Much later, I discovered his photography which gave me yet another thing to appreciate about Mr. Nimoy.
He made appearances at Dragon*Con, and although I never got to meet him there, other people I knew did and always spoke about how he enjoyed meeting his fans.
As Bones says at the end of Star Trek: The Wrath of Khan, "He's really not dead, as long as we remember him".
After my RadioShack on Folly Road closed, the next closest one was further away over on Sam Rittenberg. Stopped by there on Friday and discovered that one had closed in advance of RadioShack's bankruptcy announcement. Signs on the window point you to the nearest RadioShack over in Mt. Pleasant.
Made the trip out to that location Friday evening to find a reasonably well stocked store (probably full of stuff from the other store), but no sale or clearance items other than RC toys.
According to this list I found via a Twitter posting, the only two stores in the immediate vicinity slated for closing (this round anyway) are located near Tanger Mall and Northwoods Mall (surprised that one is still open considering the one at Citadel Mall closed long ago).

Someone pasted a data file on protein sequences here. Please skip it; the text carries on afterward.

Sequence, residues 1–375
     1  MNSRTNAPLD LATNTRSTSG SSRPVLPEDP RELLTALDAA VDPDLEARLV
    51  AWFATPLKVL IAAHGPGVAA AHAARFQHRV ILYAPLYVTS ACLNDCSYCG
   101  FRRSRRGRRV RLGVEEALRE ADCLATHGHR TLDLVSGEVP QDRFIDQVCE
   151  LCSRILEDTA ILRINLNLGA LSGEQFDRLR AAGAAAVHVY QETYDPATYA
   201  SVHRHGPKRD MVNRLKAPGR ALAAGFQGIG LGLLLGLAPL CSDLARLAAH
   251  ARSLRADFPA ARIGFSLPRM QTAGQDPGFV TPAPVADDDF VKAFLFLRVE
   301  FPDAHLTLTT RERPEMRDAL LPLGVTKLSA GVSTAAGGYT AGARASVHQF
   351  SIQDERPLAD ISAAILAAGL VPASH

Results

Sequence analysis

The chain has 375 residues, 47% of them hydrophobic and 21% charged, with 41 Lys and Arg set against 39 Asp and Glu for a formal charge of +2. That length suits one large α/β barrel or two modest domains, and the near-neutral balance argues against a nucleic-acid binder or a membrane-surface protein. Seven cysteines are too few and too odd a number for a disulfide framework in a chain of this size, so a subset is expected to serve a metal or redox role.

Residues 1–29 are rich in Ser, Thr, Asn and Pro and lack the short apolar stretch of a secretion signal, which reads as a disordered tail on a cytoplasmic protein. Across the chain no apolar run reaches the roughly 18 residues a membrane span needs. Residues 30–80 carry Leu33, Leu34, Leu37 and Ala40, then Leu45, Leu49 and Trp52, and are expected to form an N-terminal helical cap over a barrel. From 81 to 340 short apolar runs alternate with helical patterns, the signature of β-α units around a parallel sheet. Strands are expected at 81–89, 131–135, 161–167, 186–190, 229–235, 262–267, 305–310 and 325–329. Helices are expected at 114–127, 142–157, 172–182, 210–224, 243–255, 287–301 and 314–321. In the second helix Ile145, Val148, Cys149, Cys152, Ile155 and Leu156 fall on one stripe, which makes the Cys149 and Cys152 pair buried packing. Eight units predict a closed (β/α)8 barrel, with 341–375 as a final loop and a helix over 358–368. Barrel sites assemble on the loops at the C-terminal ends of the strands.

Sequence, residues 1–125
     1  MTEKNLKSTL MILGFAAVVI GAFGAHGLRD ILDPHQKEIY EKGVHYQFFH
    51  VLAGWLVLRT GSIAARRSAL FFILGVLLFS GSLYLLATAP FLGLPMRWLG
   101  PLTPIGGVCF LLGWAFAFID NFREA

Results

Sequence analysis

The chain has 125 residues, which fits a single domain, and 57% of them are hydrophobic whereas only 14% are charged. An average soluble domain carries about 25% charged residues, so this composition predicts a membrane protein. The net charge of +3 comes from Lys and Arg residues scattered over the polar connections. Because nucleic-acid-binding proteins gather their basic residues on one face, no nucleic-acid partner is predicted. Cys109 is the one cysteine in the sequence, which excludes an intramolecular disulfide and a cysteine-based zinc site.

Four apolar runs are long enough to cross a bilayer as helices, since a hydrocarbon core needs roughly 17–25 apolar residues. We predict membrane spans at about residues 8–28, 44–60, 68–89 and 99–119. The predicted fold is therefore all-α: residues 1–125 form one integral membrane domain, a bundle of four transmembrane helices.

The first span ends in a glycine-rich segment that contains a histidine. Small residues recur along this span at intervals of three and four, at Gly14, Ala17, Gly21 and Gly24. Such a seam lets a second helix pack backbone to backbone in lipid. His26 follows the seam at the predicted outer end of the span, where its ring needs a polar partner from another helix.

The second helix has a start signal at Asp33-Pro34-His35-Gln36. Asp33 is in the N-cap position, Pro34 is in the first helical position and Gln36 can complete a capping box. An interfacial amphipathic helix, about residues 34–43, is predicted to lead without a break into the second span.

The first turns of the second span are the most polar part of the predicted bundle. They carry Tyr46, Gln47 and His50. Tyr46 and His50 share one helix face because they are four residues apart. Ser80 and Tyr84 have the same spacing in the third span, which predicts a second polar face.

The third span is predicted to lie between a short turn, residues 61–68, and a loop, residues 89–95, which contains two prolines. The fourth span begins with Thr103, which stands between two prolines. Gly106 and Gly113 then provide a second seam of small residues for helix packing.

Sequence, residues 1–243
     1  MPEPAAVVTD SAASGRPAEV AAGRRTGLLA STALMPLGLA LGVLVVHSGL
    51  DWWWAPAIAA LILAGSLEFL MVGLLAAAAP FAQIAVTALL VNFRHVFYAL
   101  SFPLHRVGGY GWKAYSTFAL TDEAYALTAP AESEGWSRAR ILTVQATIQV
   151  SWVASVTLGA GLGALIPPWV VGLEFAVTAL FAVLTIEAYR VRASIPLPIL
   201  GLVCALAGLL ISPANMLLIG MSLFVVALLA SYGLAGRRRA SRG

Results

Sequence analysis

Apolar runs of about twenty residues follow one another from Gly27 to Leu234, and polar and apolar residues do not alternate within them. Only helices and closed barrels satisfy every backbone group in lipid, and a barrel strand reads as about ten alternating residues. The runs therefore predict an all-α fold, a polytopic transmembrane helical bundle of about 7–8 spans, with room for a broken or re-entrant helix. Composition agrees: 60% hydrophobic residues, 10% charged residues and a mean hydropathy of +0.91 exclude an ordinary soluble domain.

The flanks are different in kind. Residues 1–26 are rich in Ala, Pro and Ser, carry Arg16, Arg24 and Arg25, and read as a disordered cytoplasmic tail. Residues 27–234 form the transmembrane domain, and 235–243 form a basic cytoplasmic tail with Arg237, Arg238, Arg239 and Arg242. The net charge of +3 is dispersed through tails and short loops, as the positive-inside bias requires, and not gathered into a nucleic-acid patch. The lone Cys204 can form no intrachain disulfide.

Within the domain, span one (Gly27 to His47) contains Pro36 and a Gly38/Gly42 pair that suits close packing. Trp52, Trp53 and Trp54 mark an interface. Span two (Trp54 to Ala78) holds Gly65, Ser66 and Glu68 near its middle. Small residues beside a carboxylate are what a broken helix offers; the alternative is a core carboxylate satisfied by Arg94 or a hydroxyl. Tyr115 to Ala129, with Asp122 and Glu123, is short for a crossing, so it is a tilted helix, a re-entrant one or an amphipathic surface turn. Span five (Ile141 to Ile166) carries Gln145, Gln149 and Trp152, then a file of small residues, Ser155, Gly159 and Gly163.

That leaves three stores (Mt. Pleasant, Goose Creek, and Summerville) that may become Sprint stores with an embedded RadioShack or which may eventually go away altogether. The one store up in Summerville (Hurricane Electronics/RadioShack) I believe is a franchise store and would probably (hopefully) stay, probably dropping the RadioShack part.